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Elements of War

"A sweeping, authoritative look at the workings of warfare." --Kirkus Reviews

ELEMENTS OF WAR examines war and warfare in ways that challenge some of the most deeply held conceptions of armed conflict.

War involves myriad violent actions against often intractable foes, across varied and difficult environments, in pursuit of broad strategic aims, making it perhaps the most complex and consequential of all human activities. This volume presents nontraditional and even innovative ways of thinking about war and its constituent elements, and suggests that we may comprehend war better if we study it through the lens of theory of knowledge.

Is it possible to understand war in its totality? Perhaps not, but it does us well to try--even if we never approach any sort of unified theory to guide our strategic and tactical aims.


"In these pages, the author discusses both standard military theory and elaborations on modern modes of engagement and levels of technology, all grouped under the general heading of “Command and Momentum.” He ... draws on a wide variety of sources and examples, from ancient Greece and the Old Testament to Operation Desert Storm and beyond. He uses various conceptual aids, including a flowchart he calls the “war tree” (“an interesting but unwieldy tool”) to illustrate his concepts. As in most works on military history or theory, this has a density that can sometimes make for tedious reading.... But when Rinehart is clear, his observations are sharp, as when he notes that “for most peace-loving peoples, the will to fight is different from the desire to fight.” He’s notably candid about the blurring role that “fog and friction” can have on both the practice and the study of war on the ground, and the enormous range of examples he has at his fingertips serves to illustrate this very effectively. For an audience of military cadets of various kinds, this will be a particularly useful read, but many lay readers will find parts of this book thought-provoking.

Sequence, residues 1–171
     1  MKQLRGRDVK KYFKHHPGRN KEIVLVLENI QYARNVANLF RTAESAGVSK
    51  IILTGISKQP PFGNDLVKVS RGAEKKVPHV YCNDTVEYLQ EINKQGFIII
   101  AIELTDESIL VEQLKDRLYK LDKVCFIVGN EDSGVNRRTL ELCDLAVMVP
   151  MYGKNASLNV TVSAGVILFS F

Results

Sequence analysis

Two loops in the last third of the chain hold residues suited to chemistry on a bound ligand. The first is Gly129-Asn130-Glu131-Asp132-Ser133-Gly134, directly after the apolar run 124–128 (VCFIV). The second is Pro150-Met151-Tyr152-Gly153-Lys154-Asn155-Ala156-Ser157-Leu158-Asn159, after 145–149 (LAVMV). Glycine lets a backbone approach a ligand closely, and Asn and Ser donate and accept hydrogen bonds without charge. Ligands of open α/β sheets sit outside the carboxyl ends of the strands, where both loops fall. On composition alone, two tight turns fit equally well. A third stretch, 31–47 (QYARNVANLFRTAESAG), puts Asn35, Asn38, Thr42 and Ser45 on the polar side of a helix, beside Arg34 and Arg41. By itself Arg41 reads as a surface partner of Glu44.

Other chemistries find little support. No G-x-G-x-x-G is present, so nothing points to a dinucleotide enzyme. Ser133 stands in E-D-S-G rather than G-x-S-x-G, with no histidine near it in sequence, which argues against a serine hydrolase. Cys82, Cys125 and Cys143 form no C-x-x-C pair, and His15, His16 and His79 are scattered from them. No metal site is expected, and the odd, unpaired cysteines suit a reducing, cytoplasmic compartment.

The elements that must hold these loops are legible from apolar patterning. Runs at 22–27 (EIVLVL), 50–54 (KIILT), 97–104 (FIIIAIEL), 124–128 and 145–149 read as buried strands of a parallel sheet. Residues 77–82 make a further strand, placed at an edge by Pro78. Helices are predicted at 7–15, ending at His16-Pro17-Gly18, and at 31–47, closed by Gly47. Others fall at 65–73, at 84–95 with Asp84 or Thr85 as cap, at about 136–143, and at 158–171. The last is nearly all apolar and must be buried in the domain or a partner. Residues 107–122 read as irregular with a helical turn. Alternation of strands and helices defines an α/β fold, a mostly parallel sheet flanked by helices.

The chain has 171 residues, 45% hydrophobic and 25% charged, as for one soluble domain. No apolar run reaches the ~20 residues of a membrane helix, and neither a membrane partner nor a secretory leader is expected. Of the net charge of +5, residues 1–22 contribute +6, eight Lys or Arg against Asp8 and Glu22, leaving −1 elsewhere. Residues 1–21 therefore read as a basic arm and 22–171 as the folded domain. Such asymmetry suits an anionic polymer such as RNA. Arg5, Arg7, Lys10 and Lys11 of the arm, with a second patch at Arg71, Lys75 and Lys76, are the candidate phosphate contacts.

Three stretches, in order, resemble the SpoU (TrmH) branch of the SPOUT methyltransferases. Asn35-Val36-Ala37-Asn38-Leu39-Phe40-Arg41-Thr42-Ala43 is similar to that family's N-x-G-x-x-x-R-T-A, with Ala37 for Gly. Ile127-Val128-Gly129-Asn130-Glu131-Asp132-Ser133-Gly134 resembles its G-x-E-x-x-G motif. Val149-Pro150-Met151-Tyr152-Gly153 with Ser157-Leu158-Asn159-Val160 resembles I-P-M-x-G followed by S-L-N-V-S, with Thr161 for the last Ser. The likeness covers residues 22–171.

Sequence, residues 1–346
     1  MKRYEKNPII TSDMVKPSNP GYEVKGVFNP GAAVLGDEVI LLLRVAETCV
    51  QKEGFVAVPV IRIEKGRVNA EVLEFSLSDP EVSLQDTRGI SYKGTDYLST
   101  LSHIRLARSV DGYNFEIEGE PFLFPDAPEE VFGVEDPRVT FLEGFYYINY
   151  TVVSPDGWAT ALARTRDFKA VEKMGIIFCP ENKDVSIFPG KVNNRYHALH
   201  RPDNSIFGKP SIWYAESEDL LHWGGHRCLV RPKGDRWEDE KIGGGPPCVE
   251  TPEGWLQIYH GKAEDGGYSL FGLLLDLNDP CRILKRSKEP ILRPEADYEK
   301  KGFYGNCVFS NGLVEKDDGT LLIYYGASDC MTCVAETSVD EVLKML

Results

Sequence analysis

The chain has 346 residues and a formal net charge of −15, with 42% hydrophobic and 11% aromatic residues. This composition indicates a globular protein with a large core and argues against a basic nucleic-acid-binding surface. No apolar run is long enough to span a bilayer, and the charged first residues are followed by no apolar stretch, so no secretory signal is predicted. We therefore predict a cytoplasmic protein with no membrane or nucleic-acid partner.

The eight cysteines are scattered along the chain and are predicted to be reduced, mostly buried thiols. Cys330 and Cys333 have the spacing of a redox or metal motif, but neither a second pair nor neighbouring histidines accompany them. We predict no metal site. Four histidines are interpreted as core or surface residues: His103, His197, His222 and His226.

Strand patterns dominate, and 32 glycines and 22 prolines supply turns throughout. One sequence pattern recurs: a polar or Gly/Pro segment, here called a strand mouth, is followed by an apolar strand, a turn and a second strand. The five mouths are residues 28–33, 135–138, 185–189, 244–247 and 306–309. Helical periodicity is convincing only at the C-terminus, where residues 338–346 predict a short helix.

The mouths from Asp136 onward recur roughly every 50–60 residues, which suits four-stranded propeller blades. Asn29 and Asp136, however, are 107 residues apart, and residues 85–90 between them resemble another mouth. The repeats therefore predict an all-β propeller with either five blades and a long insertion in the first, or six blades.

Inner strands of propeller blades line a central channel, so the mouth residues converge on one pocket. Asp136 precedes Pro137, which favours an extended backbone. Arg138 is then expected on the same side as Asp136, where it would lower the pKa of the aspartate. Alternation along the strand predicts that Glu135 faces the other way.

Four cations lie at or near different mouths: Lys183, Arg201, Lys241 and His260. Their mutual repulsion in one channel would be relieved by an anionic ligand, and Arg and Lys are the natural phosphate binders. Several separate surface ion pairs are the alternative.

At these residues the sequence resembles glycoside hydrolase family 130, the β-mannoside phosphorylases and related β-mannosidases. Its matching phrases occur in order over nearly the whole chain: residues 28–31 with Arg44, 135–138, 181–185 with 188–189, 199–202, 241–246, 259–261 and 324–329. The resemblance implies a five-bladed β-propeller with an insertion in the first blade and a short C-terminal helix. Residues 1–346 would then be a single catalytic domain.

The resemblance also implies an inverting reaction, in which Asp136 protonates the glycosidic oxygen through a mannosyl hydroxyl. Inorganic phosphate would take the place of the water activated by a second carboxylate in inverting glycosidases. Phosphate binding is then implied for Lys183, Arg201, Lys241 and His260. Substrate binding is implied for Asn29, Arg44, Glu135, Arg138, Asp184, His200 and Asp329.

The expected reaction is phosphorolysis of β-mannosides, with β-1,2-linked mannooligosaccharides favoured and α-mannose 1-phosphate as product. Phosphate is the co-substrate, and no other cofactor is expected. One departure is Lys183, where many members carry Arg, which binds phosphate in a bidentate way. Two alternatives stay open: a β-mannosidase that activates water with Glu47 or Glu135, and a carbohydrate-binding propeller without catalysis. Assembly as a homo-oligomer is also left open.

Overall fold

" A sweeping, authoritative look at the workings of warfare." --Kirkus Reviews


Gray Rinehart
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